In 2012, University of Kansas Natural History Museum palaeontologist Michael S. Engel was sent an image from his colleagues in China, and he had never seen anything like it.  An impression of a gigantic fossilized flea.  Working with his colleagues, the team managed to confirmed that the initial impression, followed by eight other specimens, were authentic and dated them to between 165 million to 125 million years ago – making them the oldest fleas on record.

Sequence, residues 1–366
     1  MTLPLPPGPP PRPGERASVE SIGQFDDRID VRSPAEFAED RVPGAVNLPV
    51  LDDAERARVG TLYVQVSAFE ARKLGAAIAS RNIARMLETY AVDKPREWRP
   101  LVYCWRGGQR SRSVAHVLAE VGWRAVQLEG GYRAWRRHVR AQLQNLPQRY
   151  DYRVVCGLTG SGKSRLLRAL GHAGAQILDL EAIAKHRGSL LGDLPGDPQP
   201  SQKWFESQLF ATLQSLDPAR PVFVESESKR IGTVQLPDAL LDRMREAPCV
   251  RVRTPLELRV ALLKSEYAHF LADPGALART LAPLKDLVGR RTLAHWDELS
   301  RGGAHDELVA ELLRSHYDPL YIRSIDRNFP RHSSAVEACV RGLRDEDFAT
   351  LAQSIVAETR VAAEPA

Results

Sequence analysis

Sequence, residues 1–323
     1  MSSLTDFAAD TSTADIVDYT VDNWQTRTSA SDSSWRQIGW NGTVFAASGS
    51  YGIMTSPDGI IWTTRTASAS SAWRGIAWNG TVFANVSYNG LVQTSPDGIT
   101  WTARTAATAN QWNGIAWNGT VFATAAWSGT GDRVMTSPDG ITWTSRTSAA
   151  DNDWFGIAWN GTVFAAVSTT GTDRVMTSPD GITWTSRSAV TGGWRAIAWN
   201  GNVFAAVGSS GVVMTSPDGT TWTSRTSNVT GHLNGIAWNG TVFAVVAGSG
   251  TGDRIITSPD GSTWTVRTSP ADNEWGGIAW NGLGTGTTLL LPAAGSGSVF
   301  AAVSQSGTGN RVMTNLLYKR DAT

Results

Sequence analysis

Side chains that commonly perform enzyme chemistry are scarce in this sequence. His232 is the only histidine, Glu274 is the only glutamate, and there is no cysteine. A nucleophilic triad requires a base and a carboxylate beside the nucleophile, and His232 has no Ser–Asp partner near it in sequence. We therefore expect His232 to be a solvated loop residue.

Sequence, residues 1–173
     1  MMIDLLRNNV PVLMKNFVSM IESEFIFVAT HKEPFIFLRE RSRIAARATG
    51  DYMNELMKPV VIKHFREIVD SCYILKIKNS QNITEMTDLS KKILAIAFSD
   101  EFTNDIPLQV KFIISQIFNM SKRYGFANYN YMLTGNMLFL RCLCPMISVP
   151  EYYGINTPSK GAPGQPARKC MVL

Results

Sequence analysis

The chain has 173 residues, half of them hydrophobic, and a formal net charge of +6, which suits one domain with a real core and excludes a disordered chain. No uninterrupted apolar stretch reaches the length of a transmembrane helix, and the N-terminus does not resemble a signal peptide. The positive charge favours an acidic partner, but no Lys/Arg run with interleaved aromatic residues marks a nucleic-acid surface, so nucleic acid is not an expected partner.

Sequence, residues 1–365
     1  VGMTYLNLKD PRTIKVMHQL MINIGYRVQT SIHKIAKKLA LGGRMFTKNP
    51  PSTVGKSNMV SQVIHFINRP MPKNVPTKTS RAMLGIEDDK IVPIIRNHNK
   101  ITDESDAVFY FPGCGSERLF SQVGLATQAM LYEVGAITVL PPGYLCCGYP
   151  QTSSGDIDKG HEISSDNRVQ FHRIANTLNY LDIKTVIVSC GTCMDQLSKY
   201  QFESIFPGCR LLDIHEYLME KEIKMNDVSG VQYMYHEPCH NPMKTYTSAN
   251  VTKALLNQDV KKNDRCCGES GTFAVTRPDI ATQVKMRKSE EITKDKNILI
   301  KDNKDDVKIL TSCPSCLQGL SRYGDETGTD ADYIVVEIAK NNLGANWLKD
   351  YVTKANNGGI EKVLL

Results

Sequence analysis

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Until these mammoth specimens were identified, the oldest know example of a flea were from only 45 million years ago, and looked fairly similar to today’s household pest.  The fleas found by Engel and his team were both older and far more formidable.

“They aren’t the tiny things you flick off your dog or cat,” he says. “These are giant critters; some are almost an inch long.”

These Jurassic-aged fleas had serrated pincers to penetrate the thick skin of dinosaurs, and probably evolved to feed on feathered dinos, early mammalians, and more.  The parasites age suggested they were able to continue after the Cretaceous and haunt the dinosaur’s descendants, birds.

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